SOCIAL MEDIA

Meta Will Stop Paying Australian Publishers for Content as Part of Its Shift Away From News

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This is unsurprising given Meta’s broader shift away from news content, but it’s another blow for media organizations, many of which are already struggling to maintain relevance (and revenue) within the changing online media landscape.

Today, Meta has announced that it will cease paying Australian news outlets as part of its broader shift away from news content.

As per Meta:

In early April 2024, we will deprecate Facebook News – a dedicated tab in the bookmarks section on Facebook that spotlights news – in the US and Australia […] This is part of an ongoing effort to better align our investments to our products and services people value the most. As a company, we have to focus our time and resources on things people tell us they want to see more of on the platform, including short form video.

Meta further notes that usage of Facebook News in Australia and the U.S. has dropped by over 80% in the last year.

Meta says that the current agreements will be honored, but it will not be entering into new payment arrangements with Australian publishers.

While we’ll be deprecating Facebook News in these countries, this announcement does not impact the terms under our existing Facebook News agreements with publishers in Australia, France and Germany. These deals have already expired in the US and the UK. Additionally, to ensure that we continue to invest in products and services that drive user engagement, we will not enter into new commercial deals for traditional news content in these countries and will not offer new Facebook products specifically for news publishers in the future.” 

The announcement marks the end of Meta’s truce with Australian government officials over what the government deemed as “fair payment” from Meta for use of news content.

Australia’s “News Media Bargaining Code” made international headlines when it was implemented in 2021 after failed negotiations with Meta led to all Australian publisher content being blocked on Facebook and Instagram.

After rapid renegotiation, Meta lifted the ban, and agreed to pay Australian publishers a lesser amount for news content use. But the stand-off raised more questions as to the power that Facebook wields within the broader publishing landscape, and how much it actually needs, or doesn’t need, local news content. 

Meta has long held that news content is a minor part of its service (in today’s announcement, Meta reiterated that news makes up less than 3% of what people around the world see in their Facebook feed), and now, it’s likely less so than ever before, which is why Meta’s stepping away from its past news org deals entirely.

Which, as noted, isn’t really much of a surprise.

Last week, in response to reports that Indonesia is also considering implementing laws to force Meta to pay local publishers for the use of news content, I wrote that:

“Ultimately, Meta misstepped by negotiating with Australian regulators, and accepting a watered-down version of that nation’s revenue share proposal, because that opened the door for others to enact the same.”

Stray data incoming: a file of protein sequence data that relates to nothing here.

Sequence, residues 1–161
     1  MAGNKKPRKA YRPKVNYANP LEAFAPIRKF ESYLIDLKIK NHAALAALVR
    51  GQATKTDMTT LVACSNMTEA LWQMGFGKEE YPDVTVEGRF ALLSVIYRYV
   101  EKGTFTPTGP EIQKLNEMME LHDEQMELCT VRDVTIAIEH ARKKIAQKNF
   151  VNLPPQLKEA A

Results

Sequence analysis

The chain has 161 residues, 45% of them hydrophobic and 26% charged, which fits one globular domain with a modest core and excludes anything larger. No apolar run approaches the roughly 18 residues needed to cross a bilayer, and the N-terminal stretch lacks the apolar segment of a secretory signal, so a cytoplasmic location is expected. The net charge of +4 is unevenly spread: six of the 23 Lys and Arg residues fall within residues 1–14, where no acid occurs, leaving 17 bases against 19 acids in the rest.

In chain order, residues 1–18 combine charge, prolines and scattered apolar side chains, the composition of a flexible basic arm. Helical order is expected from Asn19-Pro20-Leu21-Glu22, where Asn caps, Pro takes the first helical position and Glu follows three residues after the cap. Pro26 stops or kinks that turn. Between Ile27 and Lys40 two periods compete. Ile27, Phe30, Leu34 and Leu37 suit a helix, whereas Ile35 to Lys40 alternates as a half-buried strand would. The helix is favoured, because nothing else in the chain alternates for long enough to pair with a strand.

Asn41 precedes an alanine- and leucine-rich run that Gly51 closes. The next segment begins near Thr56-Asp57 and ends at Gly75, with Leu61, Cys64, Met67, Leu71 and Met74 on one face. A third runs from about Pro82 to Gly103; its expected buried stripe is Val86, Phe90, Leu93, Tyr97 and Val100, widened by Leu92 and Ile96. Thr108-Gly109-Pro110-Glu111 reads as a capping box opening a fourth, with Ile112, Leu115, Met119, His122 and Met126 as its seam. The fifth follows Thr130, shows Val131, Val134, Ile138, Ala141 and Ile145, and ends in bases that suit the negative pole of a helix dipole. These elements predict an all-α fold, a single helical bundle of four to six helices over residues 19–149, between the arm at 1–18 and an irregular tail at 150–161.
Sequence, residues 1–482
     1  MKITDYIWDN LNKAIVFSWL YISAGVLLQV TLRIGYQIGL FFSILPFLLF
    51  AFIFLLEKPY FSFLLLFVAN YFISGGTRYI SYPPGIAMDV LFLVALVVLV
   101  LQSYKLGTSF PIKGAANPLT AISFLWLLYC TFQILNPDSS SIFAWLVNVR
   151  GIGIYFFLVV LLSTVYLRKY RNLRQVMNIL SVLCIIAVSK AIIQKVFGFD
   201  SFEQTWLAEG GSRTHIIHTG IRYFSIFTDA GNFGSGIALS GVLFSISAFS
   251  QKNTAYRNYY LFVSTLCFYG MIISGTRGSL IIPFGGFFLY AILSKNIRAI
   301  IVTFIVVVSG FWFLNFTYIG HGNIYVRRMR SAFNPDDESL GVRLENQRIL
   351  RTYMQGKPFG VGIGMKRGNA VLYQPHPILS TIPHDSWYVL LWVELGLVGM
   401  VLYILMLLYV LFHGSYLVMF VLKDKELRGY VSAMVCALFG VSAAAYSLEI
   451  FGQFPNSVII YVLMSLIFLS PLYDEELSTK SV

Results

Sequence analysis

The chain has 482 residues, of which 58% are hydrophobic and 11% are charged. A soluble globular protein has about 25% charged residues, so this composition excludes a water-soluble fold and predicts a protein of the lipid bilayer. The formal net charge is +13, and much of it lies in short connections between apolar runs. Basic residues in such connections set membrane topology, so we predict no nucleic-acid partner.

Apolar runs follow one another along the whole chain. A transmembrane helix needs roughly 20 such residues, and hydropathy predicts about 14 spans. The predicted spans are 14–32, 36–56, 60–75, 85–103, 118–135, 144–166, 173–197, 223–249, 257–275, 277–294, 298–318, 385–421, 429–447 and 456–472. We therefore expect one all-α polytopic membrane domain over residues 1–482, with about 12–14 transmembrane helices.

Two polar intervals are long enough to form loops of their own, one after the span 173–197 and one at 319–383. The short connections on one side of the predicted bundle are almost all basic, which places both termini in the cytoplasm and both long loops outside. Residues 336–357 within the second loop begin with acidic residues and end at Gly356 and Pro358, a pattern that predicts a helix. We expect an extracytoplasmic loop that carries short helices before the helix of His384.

Meta should never have dealt with Australian publishers in the first place, because the fact that it agreed to share any money at all with local media organizations only prompted more regions to consider their own proposals along the same lines. 

All along, the media organizations pushing for such deals have based their arguments on a misinterpretation of market dynamics. It’s not Meta that needs their content, it’s the businesses that benefit from expanded distribution via Meta’s apps.

And now, as Zuck and Co. look to take more definitive steps to distance themselves from news content, they need such less than ever.

Here’s the proof. Meta stopped showing content from Canadian publishers in its apps on August 1st last year.

Here’s Meta’s daily active user chart for Q4 2023:

Meta Q4 2023

Usage in the North American region actually increased in the period, despite not showing any Canadian publisher content the whole time.

Meta is also now actively looking to limit news discussion on Threads, while it’s been gradually implementing similar initiatives in its other apps.

AI-recommended Reels have driven virtually all of its engagement gains over the past two years, with short videos, targeted to users based on their interests, and not just the Pages that they follow, proving to be a winning strategy, as well as a lever to shift away from divisive posts.

And now, it’s no longer theoretical as to whether Meta can live without news content, it’s definitively proven, which leaves publishers, and the governments representing their interests, in a much worse negotiating position. 

So while the Australian Government could push Meta on this, and look to hold it to the rules of the News Media Bargaining Code (and apparently, it is planning to), Meta knows that it can block publishers with minimal impact.

Basically, Meta’s not going to pay. And now, Australian authorities will have to decide whether publishers are able to live with what they have, or if it should force Meta to seal off the last spurts of referral traffic that its apps still send their way. 

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